See No Evil, Hear No Evil…. Be No Evil?

Does your company have a Code of Conduct? I’ll bet it does — or something similar. Most companies do. Does your Code of Conduct ask your employees to “say something” if they see something they believe violates that Code of Conduct? Suppose one employee does exactly that. What if that employee is someone you weren’t too fond of before that report? You might have been considering terminating that employee for a while. Then you do. Then the employee sues. Included in the employee’s complaint is what seems to be a breach of contract claim– based on that very provision in the Code of Conduct.

Wait. What? Is that really a basis for a lawsuit? We might be finding out soon enough. Google is involved in just such a claim now. Read on…

You’ve probably been hearing about Google having issues with employees seeking to organize,  and complaining of discrimination.  Just three days ago, three former Google employees fired in 2019 sued. Here, in a nutshell, is what went down:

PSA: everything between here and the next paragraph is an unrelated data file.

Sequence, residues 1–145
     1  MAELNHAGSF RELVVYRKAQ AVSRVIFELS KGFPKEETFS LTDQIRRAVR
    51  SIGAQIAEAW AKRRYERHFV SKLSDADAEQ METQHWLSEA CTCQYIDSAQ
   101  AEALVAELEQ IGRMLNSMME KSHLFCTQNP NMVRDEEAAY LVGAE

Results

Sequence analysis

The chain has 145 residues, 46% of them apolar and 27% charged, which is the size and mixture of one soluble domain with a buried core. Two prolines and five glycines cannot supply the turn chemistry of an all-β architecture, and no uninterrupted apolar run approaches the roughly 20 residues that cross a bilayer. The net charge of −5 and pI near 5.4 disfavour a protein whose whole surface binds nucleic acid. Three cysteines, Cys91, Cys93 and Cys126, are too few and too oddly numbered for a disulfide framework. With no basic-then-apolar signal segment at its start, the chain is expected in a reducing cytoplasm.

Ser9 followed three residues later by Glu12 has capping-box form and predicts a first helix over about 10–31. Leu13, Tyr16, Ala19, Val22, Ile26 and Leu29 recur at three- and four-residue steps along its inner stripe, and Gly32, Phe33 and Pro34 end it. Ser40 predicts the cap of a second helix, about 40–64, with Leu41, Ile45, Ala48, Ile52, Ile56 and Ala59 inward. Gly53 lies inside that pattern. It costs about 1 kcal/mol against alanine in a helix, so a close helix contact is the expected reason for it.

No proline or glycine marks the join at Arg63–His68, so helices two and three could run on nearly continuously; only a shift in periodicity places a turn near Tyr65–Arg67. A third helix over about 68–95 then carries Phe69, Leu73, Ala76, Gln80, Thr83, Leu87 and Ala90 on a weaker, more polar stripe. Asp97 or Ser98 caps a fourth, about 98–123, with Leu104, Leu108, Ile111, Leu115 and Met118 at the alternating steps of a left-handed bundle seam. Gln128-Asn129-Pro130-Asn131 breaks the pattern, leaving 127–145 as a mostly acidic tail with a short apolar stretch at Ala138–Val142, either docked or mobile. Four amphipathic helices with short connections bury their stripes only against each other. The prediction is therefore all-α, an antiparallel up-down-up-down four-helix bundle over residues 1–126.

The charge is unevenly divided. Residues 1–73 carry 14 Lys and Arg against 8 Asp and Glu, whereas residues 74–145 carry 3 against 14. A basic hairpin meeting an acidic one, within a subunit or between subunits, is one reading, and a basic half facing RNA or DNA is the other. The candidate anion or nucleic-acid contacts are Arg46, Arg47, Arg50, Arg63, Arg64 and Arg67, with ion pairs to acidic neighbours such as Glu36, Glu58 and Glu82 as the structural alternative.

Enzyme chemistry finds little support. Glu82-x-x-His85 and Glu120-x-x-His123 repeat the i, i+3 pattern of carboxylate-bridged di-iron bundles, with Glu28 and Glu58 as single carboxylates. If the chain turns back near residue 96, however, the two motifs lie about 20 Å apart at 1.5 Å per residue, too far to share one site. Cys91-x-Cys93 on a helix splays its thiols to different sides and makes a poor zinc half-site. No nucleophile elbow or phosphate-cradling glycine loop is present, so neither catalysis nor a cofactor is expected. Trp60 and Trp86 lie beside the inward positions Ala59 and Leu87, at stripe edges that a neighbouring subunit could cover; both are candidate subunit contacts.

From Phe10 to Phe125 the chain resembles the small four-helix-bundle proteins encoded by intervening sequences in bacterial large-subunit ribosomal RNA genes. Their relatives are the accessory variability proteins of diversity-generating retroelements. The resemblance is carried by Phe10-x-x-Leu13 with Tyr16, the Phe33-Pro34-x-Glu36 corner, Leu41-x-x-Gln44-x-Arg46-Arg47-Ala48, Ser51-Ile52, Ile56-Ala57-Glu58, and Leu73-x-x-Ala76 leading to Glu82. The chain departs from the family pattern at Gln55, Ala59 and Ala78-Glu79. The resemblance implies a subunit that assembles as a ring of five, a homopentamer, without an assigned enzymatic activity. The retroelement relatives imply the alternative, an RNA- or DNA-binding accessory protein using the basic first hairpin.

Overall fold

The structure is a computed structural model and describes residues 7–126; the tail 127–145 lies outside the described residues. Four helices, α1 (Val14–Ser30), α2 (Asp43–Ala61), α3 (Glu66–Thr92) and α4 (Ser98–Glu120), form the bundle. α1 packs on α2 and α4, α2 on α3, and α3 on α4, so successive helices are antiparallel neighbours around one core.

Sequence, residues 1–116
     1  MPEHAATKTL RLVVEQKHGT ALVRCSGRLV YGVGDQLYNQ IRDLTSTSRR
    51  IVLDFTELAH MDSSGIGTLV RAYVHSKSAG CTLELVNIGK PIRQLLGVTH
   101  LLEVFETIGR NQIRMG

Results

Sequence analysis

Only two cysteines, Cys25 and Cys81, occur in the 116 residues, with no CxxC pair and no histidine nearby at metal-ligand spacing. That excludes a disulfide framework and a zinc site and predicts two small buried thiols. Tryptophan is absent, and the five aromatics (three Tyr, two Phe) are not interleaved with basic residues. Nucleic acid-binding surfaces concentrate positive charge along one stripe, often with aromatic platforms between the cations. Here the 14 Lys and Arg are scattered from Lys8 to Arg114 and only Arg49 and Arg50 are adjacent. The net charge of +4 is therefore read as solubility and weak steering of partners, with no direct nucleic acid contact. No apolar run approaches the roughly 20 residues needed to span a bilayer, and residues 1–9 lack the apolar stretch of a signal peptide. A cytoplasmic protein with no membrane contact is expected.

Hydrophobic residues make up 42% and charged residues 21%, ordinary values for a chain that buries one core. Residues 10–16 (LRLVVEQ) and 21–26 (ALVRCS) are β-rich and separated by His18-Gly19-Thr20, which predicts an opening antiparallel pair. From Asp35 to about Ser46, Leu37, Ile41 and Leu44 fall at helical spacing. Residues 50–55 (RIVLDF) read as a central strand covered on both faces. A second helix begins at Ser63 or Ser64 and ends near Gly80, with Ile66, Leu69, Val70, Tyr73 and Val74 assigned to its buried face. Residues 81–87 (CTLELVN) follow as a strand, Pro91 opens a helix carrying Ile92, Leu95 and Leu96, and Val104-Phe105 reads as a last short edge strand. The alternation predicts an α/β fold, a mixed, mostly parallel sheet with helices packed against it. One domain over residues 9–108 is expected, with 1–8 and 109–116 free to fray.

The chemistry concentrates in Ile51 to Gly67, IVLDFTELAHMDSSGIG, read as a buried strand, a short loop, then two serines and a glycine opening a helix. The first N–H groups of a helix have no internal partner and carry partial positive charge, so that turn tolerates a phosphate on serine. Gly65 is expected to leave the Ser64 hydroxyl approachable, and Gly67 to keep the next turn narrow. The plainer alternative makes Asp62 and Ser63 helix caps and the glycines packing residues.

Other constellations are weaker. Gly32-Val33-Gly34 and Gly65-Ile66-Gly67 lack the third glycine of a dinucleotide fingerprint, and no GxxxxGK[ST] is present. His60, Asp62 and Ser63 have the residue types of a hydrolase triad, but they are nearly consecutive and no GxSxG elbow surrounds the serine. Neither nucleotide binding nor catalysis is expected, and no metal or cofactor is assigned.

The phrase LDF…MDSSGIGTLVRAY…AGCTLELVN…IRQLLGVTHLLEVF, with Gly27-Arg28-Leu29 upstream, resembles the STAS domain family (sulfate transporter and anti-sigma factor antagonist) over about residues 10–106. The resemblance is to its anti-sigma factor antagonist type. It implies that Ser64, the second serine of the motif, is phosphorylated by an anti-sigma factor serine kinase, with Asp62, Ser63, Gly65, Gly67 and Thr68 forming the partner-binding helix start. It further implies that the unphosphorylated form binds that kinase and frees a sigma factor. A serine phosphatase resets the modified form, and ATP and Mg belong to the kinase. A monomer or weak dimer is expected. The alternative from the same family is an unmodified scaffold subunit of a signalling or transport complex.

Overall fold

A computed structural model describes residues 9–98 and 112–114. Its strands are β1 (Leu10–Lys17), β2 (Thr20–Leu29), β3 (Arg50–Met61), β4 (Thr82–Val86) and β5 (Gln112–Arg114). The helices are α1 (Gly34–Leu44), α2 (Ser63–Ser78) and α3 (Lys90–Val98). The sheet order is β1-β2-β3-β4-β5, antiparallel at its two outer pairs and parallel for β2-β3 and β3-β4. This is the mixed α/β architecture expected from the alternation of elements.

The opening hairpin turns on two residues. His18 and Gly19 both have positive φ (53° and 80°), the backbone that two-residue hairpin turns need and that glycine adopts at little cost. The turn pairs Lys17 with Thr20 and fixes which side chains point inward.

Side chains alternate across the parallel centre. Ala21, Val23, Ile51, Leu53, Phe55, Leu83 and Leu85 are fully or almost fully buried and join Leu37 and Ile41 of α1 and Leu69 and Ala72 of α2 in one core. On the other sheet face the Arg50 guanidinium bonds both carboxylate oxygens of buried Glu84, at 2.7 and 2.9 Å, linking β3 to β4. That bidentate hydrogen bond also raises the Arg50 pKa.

As you may know, Google’s motto for many years has been — or at least was– “Don’t be evil”. While it renamed itself “Alphabet” in 2015 and appears to have moved away from its motto, “Don’t be evil” is still included in the company’s official Code of Conduct. Specifically, the final line of the Code of Conduct (which employees are expected to sign as a condition of employment) says: “Remember… don’t be evil, and if you see something that you think isn’t right – speak up!”

Three employees, Rebecca Rivers, Paul Duke, and Sophie Waldman, apparently decided to take that provision seriously. Three software engineers protested Google’s decision to sell cloud computing software to Customs and Border Protection (CBP). What’s wrong with that? At the time, CBP was caging migrants and separating parents from children. In August 2019, the three employees circulated a company-wide petition, requesting that Google not cooperate with CBP or ICE.  On November 26, 2019, Google allegedly fired all three employees within minutes of each other.

The employees sued in state court in California, alleging not only retaliation but breach of contract, based on the “Don’t be evil” provision, as well as violation of California public policy. (California sued then-President Trump in 2019 over the indefinite detention of immigrant children.)